The Dolly Gray Impostor

From Wikipedia, the free encyclopedia
Jump to: navigation, search
The Dolly Gray Impostor
Born Unknown
Unknown
Died Unknown
Height 5 ft 11 in (1.80 m)
Weight 175 pounds (79 kg)
Position(s) End
College Unknown
Statistics
Teams
1923
1923
St. Louis All-Stars
Green Bay Packers

The Dolly Gray Imposter was an unknown American football player, who played under the alias of Jack "Dolly" Gray, an end from Princeton University in 1922. He was rumored to be an All-American honoree in 1922, however the only known person named Gray to be awarded consensus All-American honors at Princeton in 1922 was Howard "Howdy" Gray.[1] Under the alias of Gray, the impostor played in the National Football League in 1923 for the St. Louis All-Stars and the Green Bay Packers.

In 1923, the impostor approached Ollie Kraehe, the owner and player-coach of the NFL's St. Louis All-Stars. Kraehe signed him to the All-Stars where the imposter played in three games. After witnessing the poor quality of play in what he thought was Dolly Gray, an All-American football star at Princeton, Kraehe discovered that he was lied to and that the man claiming to be Dolly Gray was actually an impostor.

Kraehe decided to pull the deception that had been pulled on him on another team. After a 6-0 loss to the Cleveland Indians, Kraehe released the impostor to Curly Lambeau and the Green Bay Packers in exchange for cash he desperately needed to keep his team operating. From Lambeau's perspective it appeared that he had gained the best player on the All-Stars roster. Two weeks later, the Packers played the All-Stars at Sportsman's Park. The game ended in a 3-0 Packers victory. However after the game, Curly Lambeau cornered the St. Louis owner and questioned him about Dolly Gray. According to Lambeau, Gray played in just one game with the Packers and had played poorly. Then, after boarding the train for the team's game in St. Louis, he mysteriously disappeared. Kraehe then admitted to Lambeau that the deal between the two clubs regarding Gray, was a joke. He then explained how the con man deceived his way onto the All-Stars roster. Kraehe then thought that he would try to recycle the trick, on Lambeau, in good fun. And Kraehe finally stated that it had always been his intention to give Lambeau back the money he spent on the impostor.[2]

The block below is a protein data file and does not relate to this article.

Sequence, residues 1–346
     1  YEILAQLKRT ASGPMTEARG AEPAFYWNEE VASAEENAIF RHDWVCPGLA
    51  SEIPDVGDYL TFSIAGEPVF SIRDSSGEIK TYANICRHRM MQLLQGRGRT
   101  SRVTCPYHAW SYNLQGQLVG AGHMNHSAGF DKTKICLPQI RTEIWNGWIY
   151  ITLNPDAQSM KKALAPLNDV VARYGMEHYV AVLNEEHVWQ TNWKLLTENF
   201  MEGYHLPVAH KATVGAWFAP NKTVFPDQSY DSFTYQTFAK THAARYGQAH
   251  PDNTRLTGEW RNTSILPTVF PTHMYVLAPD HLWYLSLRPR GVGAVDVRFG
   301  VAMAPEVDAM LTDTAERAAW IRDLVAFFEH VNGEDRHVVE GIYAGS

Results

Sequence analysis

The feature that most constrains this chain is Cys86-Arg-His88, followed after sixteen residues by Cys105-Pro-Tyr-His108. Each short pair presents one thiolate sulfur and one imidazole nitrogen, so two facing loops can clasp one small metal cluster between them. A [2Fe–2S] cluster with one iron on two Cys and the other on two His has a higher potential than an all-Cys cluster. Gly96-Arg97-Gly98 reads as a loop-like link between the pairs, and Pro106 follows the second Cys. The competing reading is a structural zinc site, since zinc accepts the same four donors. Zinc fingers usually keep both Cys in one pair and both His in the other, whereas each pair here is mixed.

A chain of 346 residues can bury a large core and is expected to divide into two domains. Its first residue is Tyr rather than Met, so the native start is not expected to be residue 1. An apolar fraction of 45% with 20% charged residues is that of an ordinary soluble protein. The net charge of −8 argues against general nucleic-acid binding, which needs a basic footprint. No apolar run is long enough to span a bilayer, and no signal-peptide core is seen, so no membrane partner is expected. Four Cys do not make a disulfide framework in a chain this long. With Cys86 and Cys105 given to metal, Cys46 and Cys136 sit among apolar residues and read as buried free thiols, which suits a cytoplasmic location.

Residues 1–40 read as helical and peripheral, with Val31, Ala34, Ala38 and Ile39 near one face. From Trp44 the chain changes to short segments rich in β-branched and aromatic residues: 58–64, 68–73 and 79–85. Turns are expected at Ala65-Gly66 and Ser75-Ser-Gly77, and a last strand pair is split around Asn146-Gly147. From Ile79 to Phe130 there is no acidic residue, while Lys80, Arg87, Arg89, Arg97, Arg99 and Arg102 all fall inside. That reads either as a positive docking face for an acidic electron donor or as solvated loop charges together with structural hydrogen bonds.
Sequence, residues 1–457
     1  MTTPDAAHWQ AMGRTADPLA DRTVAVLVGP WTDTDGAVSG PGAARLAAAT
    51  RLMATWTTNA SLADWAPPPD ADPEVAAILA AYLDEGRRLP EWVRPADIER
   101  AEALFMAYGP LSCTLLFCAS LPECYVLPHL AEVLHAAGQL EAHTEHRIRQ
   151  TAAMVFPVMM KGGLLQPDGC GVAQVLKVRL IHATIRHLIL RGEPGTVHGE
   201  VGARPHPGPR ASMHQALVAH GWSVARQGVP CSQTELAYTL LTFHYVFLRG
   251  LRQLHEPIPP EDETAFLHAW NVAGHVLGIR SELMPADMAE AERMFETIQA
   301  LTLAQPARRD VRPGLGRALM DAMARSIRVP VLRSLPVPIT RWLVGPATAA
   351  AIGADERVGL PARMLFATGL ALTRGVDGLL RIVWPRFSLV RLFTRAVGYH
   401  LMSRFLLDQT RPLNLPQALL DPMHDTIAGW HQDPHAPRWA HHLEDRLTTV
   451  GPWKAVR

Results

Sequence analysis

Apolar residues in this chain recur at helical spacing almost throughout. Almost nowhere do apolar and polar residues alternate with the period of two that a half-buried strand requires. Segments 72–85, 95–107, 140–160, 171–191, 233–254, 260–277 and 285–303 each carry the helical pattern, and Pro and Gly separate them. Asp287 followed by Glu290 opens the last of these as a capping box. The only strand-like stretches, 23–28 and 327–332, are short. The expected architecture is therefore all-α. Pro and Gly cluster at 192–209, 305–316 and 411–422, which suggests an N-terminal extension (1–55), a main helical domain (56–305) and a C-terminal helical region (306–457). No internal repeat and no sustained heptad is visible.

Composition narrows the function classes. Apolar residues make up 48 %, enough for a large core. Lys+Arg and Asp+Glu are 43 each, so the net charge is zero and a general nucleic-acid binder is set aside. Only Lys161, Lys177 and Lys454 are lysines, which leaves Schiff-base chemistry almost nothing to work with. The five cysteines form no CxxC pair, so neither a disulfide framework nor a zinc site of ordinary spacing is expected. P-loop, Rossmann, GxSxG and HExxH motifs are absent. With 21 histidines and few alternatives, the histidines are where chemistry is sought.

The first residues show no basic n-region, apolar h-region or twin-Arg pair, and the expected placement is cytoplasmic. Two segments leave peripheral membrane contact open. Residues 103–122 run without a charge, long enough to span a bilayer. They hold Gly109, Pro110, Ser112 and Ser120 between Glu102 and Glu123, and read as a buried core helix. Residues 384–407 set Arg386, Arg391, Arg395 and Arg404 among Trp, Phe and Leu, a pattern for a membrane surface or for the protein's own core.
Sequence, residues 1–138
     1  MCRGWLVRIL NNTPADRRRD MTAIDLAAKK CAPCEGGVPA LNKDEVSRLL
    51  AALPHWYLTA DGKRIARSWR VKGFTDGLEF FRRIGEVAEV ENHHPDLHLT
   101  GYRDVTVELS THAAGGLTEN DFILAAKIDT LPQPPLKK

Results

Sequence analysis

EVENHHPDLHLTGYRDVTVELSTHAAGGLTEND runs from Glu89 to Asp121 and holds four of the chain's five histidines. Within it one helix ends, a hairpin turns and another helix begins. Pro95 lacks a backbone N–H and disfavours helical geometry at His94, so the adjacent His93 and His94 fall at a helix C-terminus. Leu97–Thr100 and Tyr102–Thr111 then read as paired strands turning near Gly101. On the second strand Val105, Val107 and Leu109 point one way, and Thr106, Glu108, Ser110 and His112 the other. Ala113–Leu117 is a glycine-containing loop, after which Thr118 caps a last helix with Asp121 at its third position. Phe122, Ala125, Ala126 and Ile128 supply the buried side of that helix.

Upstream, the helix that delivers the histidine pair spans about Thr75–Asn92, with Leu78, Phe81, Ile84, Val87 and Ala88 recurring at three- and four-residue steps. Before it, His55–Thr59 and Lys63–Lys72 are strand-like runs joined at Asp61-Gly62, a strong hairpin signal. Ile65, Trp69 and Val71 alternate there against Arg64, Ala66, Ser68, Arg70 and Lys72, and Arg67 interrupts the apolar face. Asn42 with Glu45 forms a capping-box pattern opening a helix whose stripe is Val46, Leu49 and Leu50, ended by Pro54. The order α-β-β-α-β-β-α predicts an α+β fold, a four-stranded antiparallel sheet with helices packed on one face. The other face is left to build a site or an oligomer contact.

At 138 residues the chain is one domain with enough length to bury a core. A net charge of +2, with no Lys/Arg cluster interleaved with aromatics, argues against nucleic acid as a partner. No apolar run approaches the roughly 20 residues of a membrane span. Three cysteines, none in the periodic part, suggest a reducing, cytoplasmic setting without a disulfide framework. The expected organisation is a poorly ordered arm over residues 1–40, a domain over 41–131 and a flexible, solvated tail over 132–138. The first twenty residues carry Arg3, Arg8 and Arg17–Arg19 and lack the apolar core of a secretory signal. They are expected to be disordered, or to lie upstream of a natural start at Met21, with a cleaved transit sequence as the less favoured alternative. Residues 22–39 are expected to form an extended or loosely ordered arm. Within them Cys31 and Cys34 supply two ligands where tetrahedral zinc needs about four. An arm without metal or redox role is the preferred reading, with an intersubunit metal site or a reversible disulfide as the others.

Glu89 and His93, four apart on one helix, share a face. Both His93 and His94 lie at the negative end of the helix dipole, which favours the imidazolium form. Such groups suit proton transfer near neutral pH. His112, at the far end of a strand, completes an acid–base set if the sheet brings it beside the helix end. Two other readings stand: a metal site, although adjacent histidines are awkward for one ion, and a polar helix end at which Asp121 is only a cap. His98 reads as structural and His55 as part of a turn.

References[edit]

  1. ^ [1][dead link]
  2. ^ Carroll, Bob (1983). "Ollie's All-Stars". Coffin Corner (Professional Football Researchers Association) 5 (7): 1–4.